While most of what you hear about Lyme disease relates to people, Lyme is actually equally common in animals. Over the past week I have heard from three people that their dogs have been severely hit by Lyme disease. One actually had to put their Jack Russell down – the disease had progressed so far that the poor dog was convulsing. Another, who’s owner takes him hiking all the time, now suffers from severe joint pain. A tick infestation should not be taken lightly.
Some of the typical symptoms that you might see you in your dog is a shifting from leg to leg due to pain, or walk with a hunched back. Dogs with Lyme really look like they are in pain. And just like with people, they may or may not have the bulls eye rash and a fever. Blood testing can be done, but is no more accurate that it is with people.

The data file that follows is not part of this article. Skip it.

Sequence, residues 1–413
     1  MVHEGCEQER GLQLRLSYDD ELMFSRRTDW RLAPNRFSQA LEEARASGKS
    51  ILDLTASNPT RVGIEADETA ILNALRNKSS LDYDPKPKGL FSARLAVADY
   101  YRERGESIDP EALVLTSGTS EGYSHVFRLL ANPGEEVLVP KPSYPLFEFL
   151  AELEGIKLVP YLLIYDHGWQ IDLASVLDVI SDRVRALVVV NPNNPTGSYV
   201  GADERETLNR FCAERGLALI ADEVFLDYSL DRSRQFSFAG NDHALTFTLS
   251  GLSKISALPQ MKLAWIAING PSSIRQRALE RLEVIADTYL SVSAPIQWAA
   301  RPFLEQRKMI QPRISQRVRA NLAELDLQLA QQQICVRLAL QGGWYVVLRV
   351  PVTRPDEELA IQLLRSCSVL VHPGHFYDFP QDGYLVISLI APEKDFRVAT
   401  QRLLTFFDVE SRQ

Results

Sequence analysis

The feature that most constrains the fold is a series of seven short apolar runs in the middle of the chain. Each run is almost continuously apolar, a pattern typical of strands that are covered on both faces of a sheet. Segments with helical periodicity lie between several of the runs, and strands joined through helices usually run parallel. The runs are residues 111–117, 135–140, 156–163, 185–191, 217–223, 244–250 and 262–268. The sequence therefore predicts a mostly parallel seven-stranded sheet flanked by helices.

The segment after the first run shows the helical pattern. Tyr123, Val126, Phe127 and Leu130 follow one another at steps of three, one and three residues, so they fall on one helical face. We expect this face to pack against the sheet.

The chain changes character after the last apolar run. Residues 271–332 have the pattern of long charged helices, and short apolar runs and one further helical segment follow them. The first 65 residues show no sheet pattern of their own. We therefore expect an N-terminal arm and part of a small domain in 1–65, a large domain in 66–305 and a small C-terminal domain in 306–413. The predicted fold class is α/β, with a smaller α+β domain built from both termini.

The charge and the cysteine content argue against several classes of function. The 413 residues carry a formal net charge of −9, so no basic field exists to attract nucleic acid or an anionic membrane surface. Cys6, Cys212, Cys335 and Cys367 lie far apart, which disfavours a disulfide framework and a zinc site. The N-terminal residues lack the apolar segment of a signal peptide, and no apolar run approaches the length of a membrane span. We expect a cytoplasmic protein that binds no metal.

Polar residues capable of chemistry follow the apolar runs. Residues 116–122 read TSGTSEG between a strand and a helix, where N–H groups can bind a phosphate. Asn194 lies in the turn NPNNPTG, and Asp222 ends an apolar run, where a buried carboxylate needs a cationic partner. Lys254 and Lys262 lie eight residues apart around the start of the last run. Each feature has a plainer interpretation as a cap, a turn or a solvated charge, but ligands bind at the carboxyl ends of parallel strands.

There is a Lyme vaccine for dogs but it is highly controversial. Some studies suggest there are long term side effects from the vaccine which vary from rheumatoid arthritis to acute kidney failure. Thus, many veterinarians will not prescribe the vaccine and suggest waiting until further research is done.
I feel that the best approach to protecting your dog is a three tiered attack. First, make sure that your dog has a safe tick collar. Be careful though as some are more toxic than others and can potentially do more harm than good. The second tier is to make sure that you brush your dog’s coat every day. Remember that you are not only looking for the adult deer ticks but for the nymph ticks too. They are only about as big as the period at the end of this sentence and very difficult to see. Finally, take the attack to the source. Kill the deer ticks in your backyard. A barrier yard spray and Tick Tunnels can help kill the ticks in and around your yard. Don’t wait for your dog to get sick to take action. Keep your pets away from tick infested areas, check them daily, and stay healthy and tick-free!